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Learning How To Let Go

With an eye on the future, CEO entrepreneur connects with JHSPH community Colleen Cutcliffe PhD 2004

While Colleen Cutcliffe, PhD ’04, will always remember the collaborative spirit and mutual respect that infused her experience at Johns Hopkins, it was working with her advisor that really motivated her decision to sign The Hopkins Founders’ Pledge earlier this year.

“My advisor, Dr. Cecile Pickart, was very generous with her time and advice, and it was her approach to developing young faculty that has stuck with me. She showed me how important it is to teach and to care deeply about that teaching, and she also knew when to let a student go at the right moment to figure things out.”

For Cutcliffe, letting go is the secret to success. As CEO and cofounder of Pendulum Therapeutics, a biotechnology company working on gut microbiome solutions for Type 2 diabetes and other health conditions, she has learned how important it is that she trust her team—both to succeed and to make mistakes—because the best way to learn is by doing. Cutcliffe appreciates that her company’s achievements are directly tied to how much she empowers her employees. “Dr. Pickart showed me how important it is to let go, and at just the right rate.”

Now Cutcliffe is paying that gift forward through her pledge.

The Founders’ Pledge helps build connections between alumni company founders and entrepreneurs and the Johns Hopkins’ academic community by asking alumni to commit to give back to the University in two ways. First, the pledge asks for a financial commitment to the University at the point of a liquidity event—that is, when there is a company merger, acquisition, or initial public offering. Second, the pledge asks for the alum’s service—that they give back in the form of time, such as helping young student entrepreneurs at FastForward U. and networking through Johns Hopkins’ Technology Ventures. The pledge’s combination of current engagement and future returns emphasizes a bigger impact.

Cutcliffe finds the JHTV innovation center an inspiring space. “Starting your own company makes you vulnerable,” she says, and finding career support early can help with that. Both FastForward U. and JHTV seek to grow a strong community of entrepreneurs, providing a support system for students and alumni both inside and outside academic and scientific tracks. The center also welcomes alumni back for networking opportunities, which Cutcliffe says have proven valuable to her as she looks to grow her company.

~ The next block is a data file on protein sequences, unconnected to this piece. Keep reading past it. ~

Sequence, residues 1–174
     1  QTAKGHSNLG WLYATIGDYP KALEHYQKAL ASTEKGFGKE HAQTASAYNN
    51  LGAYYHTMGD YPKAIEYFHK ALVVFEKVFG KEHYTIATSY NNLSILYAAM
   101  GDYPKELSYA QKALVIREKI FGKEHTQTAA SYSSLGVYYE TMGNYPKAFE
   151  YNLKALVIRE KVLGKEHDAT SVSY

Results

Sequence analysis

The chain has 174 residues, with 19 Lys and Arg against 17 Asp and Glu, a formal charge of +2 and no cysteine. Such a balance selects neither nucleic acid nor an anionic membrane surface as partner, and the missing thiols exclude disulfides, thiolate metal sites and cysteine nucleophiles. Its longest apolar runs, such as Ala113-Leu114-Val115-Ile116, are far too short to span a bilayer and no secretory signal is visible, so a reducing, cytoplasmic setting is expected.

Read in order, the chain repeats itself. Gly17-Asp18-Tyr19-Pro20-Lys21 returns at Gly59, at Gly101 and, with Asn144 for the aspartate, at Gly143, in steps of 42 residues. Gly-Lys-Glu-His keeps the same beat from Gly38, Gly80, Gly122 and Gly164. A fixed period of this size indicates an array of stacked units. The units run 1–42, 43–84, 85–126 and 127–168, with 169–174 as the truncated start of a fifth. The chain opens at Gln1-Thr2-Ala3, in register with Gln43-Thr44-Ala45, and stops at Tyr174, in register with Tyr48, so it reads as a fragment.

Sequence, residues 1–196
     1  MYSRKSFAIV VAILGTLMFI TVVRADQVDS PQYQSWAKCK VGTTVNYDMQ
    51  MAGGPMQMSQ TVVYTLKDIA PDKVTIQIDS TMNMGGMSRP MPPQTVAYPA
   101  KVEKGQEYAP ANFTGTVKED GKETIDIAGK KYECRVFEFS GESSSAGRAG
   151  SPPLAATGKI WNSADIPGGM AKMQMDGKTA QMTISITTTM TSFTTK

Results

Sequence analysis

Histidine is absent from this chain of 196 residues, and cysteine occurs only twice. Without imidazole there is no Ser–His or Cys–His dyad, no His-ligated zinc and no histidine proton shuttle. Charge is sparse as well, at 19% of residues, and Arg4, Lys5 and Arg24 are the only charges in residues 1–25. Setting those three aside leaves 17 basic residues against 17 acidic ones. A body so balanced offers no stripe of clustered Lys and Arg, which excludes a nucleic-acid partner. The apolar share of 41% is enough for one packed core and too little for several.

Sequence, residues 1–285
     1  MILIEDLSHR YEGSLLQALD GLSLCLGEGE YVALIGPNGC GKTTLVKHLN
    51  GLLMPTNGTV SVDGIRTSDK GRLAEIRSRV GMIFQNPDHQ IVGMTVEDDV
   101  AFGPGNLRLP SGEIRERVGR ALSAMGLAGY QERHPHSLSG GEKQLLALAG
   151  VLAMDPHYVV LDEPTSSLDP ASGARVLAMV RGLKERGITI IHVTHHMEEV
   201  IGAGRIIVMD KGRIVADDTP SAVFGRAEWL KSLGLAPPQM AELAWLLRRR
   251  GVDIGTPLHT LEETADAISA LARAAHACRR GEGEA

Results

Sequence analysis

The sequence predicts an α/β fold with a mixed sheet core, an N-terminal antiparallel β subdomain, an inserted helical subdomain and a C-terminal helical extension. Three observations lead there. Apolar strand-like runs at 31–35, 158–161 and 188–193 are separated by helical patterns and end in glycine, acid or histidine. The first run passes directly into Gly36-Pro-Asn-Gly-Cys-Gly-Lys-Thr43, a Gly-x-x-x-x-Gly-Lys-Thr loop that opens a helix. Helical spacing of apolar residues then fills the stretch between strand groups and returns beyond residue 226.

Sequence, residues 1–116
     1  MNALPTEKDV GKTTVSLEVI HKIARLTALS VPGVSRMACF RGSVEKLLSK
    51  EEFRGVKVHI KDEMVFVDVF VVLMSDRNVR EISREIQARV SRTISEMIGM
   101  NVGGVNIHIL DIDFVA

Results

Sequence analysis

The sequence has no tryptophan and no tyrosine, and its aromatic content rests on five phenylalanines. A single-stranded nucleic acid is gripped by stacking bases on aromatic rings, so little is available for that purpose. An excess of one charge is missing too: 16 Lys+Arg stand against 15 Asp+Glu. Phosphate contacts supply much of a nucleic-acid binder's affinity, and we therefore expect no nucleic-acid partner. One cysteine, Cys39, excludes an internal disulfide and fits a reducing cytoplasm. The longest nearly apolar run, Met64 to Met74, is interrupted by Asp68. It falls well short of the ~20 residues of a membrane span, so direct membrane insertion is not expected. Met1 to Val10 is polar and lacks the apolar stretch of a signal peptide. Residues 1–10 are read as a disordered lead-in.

Dr. Pickart, who passed away in 2006, is remembered as a talented biochemist who worked across departments, well before the term “interdisciplinary” came into vogue, and a style Cutcliffe embraces. Cutcliffe also explained the importance of collegial respect, which was demonstrated daily by not only Pickart and other public health professors but also by the medical school faculty she worked with while she pursued her PhD in biochemistry. She credits Hopkins’ supportive scientific community with helping her think through healthcare approaches that could prioritize people and medicine. “I learned how to think like a scientist, how to breakdown a problem. The scientific approach is multi applicable.”

Cutcliffe has come to appreciate that while letting go is a critical aspect of her business and people management skills, balancing that with remaining connected is also important. Wrapping together her desire to connect with entrepreneurs and her desire to give back to Hopkins made the Founders’ Pledge a natural decision.

To learn more about the Founders’ Pledge and if it is right for you, contact Maddy Stokes, Director of Innovation Initiatives and Corporate Relations (mstokes@jhu.edu). To learn more about the Department of Biochemistry and Molecular Biology at the Johns Hopkins Bloomberg School of Public Health, please contact Gary Whidbee, Director of Major Gifts (gwhidbe1@jhu.edu). 

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